Zimbabwean politics is being shaken up by an unexpected source, a Facebook page being run by “Baba Jukwa,” who produces daily revelations of wrong-doing by the southern African nation’s leaders.
His exposes range from alleged plans by President Robert Mugabe’s party to rig general elections that are scheduled to take place this year to naming officials who led the government crackdown against the opposition in the western region of Matabeleland that killed as many as 20,000 people in the 1980s.
Zimbabweans have been starved of independent reporting, with Reporters Without Borders ranking the southern African nation 133 out of 170 nations in its World Press Freedom Index. Baba Jukwa, who hasn’t revealed his identity, has published phone numbers of politicians, police members, intelligence agents and army officers he says are “murdering” civilians and encourages Zimbabweans to phone them.
“This is a new form of protest in the information age,” Pedzisai Ruhanya, director of the Zimbabwe Democratic Institute research group, said in a interview in Harare, the capital, on June 3. “Citizens will find ways of circumventing undemocratic space.”
Often writing in colloquial Zimbabwean English, Baba Jukwa says he’s a senior member of Mugabe’s Zimbabwe African National Union-Patriotic Front party. Since starting on March 22, his page has gained about 137,000 followers, more than those of both Mugabe and his long-time election rival, Prime Minister Morgan Tsvangirai. About 15.7 percent of Zimbabwe’s 14 million people have access to the Internet, the International Telecommunications Union said in January.
“We are not worried at all about Baba Jukwa because he wants to cause confusion and conflict within the party, but he won’t get it,” Zanu-PF spokesman Rugare Gumbo said in a June 3 telephone interview from Harare, the capital.
Gumbo said Zanu-PF is focused on defeating Tsvangirai’s Movement for Democratic Change in the elections so the party can “spearhead our land reform program and intensify our indigenization and empowerment.”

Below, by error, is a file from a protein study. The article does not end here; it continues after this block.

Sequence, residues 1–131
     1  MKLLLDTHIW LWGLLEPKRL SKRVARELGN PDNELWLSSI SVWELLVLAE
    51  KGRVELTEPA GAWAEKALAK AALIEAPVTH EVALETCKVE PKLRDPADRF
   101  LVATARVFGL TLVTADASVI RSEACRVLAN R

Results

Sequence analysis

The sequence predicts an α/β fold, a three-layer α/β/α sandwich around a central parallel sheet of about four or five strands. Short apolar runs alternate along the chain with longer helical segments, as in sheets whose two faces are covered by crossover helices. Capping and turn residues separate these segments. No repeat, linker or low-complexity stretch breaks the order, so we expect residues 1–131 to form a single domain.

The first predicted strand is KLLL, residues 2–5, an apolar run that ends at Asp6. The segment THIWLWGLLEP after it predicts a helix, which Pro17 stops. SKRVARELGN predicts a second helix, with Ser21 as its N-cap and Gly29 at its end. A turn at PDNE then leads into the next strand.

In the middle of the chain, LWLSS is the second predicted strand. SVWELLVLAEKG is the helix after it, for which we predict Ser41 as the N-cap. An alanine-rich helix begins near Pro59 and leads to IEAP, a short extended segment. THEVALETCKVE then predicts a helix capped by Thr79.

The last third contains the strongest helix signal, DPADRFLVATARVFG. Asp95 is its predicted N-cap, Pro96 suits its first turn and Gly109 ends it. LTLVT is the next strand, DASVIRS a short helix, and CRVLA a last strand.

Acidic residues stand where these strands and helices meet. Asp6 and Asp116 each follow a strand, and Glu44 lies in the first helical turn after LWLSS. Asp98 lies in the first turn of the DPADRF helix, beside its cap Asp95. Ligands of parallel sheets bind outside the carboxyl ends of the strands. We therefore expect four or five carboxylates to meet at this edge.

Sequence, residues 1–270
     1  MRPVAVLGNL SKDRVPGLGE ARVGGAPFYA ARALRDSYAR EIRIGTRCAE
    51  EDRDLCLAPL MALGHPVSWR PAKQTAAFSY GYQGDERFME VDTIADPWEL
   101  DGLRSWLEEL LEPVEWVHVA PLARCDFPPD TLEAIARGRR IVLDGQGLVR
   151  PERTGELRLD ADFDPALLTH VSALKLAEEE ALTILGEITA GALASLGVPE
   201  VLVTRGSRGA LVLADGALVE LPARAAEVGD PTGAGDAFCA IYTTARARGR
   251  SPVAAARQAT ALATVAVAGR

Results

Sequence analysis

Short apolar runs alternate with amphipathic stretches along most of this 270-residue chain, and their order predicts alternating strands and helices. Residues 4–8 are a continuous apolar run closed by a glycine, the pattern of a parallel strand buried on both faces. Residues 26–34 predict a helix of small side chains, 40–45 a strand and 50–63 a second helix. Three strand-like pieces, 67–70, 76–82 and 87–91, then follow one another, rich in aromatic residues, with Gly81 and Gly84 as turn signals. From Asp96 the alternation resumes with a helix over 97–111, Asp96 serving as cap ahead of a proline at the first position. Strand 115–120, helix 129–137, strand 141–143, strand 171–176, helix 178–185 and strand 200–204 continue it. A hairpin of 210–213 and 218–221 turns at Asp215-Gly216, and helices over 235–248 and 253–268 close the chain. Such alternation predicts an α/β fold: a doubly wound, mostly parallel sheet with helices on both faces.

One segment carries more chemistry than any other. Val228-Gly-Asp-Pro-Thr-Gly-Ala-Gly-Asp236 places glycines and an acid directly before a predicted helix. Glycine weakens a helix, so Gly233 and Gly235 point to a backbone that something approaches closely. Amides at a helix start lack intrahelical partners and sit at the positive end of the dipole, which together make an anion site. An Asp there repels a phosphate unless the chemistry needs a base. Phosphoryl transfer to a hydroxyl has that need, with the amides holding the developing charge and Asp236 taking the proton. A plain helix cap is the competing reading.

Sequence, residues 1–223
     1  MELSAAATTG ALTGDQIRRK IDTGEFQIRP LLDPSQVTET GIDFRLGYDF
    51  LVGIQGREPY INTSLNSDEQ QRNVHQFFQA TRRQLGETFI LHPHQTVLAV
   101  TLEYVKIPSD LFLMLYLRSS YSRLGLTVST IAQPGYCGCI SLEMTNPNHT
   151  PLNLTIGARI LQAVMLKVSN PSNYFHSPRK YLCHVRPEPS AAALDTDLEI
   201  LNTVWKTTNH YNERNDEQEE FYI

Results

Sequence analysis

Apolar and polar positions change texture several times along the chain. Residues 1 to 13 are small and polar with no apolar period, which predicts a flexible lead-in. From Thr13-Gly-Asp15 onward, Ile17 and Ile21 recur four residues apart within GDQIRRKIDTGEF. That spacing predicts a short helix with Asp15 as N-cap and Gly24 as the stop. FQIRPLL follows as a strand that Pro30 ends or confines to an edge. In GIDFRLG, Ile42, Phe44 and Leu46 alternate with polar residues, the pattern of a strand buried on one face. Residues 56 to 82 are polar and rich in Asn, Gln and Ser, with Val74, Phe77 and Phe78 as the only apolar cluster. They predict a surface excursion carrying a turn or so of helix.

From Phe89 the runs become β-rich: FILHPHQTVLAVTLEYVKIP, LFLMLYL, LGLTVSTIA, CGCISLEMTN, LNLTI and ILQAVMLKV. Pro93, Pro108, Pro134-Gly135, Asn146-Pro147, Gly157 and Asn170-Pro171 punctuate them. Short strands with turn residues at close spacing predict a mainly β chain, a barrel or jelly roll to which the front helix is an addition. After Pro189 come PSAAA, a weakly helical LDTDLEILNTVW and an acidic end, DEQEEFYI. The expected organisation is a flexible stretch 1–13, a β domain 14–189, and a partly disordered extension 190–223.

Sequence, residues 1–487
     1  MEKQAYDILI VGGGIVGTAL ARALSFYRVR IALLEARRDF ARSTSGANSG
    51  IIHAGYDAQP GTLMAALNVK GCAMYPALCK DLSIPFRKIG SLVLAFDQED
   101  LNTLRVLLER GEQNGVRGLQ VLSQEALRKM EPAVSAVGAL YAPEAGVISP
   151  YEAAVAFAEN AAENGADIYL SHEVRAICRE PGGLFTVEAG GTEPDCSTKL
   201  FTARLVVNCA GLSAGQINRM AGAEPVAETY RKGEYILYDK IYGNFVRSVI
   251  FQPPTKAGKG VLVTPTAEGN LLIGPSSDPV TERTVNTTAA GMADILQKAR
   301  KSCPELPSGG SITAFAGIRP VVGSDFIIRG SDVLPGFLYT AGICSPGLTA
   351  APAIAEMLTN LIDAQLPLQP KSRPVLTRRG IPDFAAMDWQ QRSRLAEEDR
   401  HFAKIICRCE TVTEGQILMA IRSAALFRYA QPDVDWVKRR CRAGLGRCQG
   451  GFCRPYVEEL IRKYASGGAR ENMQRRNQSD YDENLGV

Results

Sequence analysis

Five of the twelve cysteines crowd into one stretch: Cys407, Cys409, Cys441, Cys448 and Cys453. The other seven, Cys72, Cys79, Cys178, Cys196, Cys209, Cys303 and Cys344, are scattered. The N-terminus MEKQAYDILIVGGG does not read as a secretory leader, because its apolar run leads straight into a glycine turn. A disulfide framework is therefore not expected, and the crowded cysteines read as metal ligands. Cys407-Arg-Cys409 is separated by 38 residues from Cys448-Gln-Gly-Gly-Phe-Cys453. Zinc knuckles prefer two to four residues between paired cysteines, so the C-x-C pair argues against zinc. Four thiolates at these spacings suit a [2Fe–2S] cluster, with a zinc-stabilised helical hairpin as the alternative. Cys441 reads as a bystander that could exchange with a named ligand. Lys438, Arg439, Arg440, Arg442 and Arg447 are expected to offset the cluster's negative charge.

Tsvangirai and Mugabe have governed in a coalition government since 2009. The administration has helped to turn around an economy that went into recession and was gripped by inflation that accelerated to 500 billion percent, according to the International Monetary Fund, following a government-backed land-reform program of farm seizures that started in 2000.
The government forecasts the economy may grow about 5 percent this year from 4.4 percent in 2012.
Tsvangirai said last month that if elected, his government will reverse laws aimed at forcing companies such as Anglo American Platinum Ltd., Impala Platinum Holdings Ltd. and Aquarius Platinum Ltd. to show how they’ll sell or cede control to black Zimbabweans or the state’s National Indigenization and Economic Empowerment Board.
Zimbabwe’s Constitutional court has ordered presidential elections to be held by July 31. They will end a power-sharing government between Mugabe’s Zanu-PF and Tsvangirai’s MDC following elections international observers said were flawed by violence and intimidation in 2008.
The two factions of the MDC have rejected the election date as unconstitutional and unfeasible. There isn’t enough time for the registration of voters that ends July 9 and the nomination of candidates 30 days before a vote as the constitution stipulates, Senator David Coltart, a lawyer, said on June 6 on his website.
“An early and rapid election will play in Zanu-PF’s favor in that it is easy to rig where preparations are done rapidly, there will be no time to implement key electoral reforms, my party is in full control of the current system,” Baba Jukwa wrote on June 8. “It would political suicide” to vote Zanu-PF back into office, he said.
Few critics and supporters of Baba Jukwa doubt that he is a member of the ruling party.
“Let these sinister elements be told here and now that their machinations and operations are in the open and that their days of association with Zanu-PF are numbered,” a columnist in the state-controlled Herald newspaper wrote last month.
Ephraim Jokonya, a vegetable-seller in Harare’s Greencroft suburb, said he believed Baba Jukwa has been a member of the party since before Zimbabwe gained independence from the U.K. in 1980.
“I’m sure he’s old guard, a pre-independence member disgruntled with the country’s collapse since 2000,” he said in a May 31 interview.